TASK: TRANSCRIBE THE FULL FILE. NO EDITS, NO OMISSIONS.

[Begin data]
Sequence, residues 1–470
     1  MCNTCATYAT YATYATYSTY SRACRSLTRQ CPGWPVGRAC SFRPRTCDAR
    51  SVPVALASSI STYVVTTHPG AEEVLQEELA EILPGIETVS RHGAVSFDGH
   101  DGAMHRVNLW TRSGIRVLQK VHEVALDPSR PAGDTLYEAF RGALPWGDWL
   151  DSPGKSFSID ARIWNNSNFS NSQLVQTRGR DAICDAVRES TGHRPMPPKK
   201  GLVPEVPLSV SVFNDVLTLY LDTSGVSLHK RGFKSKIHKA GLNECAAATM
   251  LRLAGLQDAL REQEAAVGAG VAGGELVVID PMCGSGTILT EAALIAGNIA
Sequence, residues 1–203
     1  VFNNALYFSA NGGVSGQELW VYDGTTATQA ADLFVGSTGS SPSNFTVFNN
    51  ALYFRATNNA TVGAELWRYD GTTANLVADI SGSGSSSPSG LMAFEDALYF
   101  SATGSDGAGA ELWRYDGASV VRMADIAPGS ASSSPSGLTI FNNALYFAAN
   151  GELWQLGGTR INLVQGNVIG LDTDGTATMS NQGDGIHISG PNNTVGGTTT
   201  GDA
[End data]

Sequence, residues 1–470
     1  MCNTCATYAT YATYATYSTY SRACRSLTRQ CPGWPVGRAC SFRPRTCDAR
    51  SVPVALASSI STYVVTTHPG AEEVLQEELA EILPGIETVS RHGAVSFDGH
   101  DGAMHRVNLW TRSGIRVLQK VHEVALDPSR PAGDTLYEAF RGALPWGDWL
   151  DSPGKSFSID ARIWNNSNFS NSQLVQTRGR DAICDAVRES TGHRPMPPKK
   201  GLVPEVPLSV SVFNDVLTLY LDTSGVSLHK RGFKSKIHKA GLNECAAATM
   251  LRLAGLQDAL REQEAAVGAG VAGGELVVID PMCGSGTILT EAALIAGNIA
Sequence, residues 1–203
     1  VFNNALYFSA NGGVSGQELW VYDGTTATQA ADLFVGSTGS SPSNFTVFNN
    51  ALYFRATNNA TVGAELWRYD GTTANLVADI SGSGSSSPSG LMAFEDALYF
   101  SATGSDGAGA ELWRYDGASV VRMADIAPGS ASSSPSGLTI FNNALYFAAN
   151  GELWQLGGTR INLVQGNVIG LDTDGTATMS NQGDGIHISG PNNTVGGTTT
   201  GDA